There was no question the SmartCam HD Plus was ready for duty, though. Within moments of setting it up I was inundated with with motion and audio notifications. A quick adjusting of the sensitivity settings in the SmartCam app stemmed the tide. I also used the Motion Zone Select feature when I was away, so the camera could monitor the front door without picking up our dog’s motion. This involves drawing a square with your finger around a portion of the camera image. It gives you a little more flexibility in defining detection areas than the grid method used by some other cameras.
Video was crisp and clear in both day and night mode and in all resolutions, though, not surprisingly, I got the most detail in 1080p. The medium resolution (720p) seemed to be the sweet spot that would give the best quality while not quickly eating up storage space. Video streaming was also clean and responsive with no pixelation.
The SmartCam HD Plus can can be accessed through the SmartCam web portal or app. For convenience, I primarily used the the latter which, is loaded with features. In fact, it’s a bit overwhelming.
Each camera you add to the SmartCam app has its own menu that you access via an icon next to its name. This menu gives you quick access to the live feed, time-stamped activity logs and clips, and settings for everything from the camera to your network to the microSD card.
When you open the live-streaming page, you’re presented with even more options on a horizontally scrolling toolbar across the bottom. From here you can record a 30-second video clip to your phone, take a screenshot of the feed, toggle resolution (low, medium, and high), and more. One unique feature is the ability to trigger the sound of an alarm, a police siren, or a dog barking. Presumably these are there to scare off an intruder you catch in the act, but I found the last also amused my dog when I was away.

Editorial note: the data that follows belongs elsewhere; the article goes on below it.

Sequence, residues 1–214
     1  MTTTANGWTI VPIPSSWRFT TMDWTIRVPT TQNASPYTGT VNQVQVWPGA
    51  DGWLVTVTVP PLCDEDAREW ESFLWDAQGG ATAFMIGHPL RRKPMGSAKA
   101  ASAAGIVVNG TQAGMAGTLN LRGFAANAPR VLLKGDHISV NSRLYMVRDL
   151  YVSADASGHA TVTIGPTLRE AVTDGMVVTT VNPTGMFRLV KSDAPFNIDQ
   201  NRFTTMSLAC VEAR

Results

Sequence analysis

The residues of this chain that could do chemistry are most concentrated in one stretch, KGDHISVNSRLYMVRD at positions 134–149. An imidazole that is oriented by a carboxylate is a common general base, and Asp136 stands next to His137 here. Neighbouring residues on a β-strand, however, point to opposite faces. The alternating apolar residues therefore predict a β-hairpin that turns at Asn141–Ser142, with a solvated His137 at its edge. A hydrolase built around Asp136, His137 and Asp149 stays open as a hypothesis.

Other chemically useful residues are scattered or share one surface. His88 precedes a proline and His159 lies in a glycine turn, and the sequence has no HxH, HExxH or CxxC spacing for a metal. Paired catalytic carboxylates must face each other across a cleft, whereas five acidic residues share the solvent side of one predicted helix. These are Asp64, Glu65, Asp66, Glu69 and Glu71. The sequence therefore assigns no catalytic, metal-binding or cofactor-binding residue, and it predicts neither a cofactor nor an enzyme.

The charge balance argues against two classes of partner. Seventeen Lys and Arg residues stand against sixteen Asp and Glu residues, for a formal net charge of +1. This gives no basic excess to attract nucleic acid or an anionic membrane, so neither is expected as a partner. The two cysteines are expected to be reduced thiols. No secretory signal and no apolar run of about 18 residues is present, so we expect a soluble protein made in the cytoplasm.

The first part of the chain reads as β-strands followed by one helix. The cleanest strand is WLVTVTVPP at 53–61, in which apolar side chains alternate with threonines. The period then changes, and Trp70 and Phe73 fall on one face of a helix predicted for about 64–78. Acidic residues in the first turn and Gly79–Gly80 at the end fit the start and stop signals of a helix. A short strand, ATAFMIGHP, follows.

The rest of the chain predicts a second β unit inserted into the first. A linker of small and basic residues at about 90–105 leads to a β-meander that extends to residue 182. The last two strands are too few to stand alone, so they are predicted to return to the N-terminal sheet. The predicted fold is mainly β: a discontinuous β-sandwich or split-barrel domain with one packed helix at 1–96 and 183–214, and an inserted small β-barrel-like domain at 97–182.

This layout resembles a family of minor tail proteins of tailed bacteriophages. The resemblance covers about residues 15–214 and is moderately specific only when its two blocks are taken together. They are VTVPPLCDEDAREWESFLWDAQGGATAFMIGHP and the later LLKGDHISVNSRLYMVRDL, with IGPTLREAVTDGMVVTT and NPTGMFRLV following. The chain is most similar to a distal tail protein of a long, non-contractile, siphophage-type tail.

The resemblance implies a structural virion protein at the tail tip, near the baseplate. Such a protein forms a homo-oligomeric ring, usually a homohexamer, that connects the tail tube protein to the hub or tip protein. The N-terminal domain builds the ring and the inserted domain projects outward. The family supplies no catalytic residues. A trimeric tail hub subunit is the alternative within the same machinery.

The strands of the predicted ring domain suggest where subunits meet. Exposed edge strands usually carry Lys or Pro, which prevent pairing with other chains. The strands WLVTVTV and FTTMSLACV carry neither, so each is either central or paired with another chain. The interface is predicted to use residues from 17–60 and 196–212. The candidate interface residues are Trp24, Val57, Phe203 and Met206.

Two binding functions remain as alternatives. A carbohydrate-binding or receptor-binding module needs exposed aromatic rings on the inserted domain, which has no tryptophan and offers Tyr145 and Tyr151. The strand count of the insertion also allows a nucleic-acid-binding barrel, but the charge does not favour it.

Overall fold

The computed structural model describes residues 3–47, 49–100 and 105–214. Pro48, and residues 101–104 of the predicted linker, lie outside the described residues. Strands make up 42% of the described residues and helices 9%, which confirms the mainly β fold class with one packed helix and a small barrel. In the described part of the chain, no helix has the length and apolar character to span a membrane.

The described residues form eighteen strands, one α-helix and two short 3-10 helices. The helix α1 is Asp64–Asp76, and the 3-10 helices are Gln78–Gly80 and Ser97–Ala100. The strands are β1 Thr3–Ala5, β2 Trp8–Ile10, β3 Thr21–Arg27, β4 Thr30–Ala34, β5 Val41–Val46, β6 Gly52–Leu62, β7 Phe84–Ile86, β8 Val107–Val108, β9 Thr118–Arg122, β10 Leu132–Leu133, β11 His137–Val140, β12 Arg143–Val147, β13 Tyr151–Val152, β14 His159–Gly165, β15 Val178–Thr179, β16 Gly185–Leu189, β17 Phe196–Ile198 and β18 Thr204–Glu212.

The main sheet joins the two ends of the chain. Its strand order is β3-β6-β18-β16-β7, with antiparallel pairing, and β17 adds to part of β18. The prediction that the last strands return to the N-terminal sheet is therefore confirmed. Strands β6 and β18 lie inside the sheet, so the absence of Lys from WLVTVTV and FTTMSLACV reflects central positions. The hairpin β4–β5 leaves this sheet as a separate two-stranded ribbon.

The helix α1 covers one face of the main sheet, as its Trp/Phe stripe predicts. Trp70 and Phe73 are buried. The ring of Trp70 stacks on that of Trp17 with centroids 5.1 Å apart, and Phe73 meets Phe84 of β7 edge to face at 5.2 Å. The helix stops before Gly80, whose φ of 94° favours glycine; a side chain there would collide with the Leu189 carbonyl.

While the breadth of controls the app provides is impressive, the icons used to identify them don’t always make sense. The Resolution toggle is denoted by a checkerboard and beamed quarter-notes—which have become synonymous with iTunes—are used for the siren/alarm/dog-bark feature. Other icons—like Motion Zone Select’s, which resembles the walk signal at a pedestrian crossing—are just as baffling. A little experimenting got me oriented, but it’s a shame such a rich app isn’t more intuitive.
The SmartCam HD Plus includes many of the same features of our favorite cameras such as Nest Cam and Simplicam, but without the added expense of a cloud subscription. That makes it particularly attractive if you’re on a budget or otherwise want to keep cost of ownership low. And if you can overlook some head-scratching app-design choices, you’ll likely be find everything you need in this home security camera and feel confident leaving your home under its watchful eye.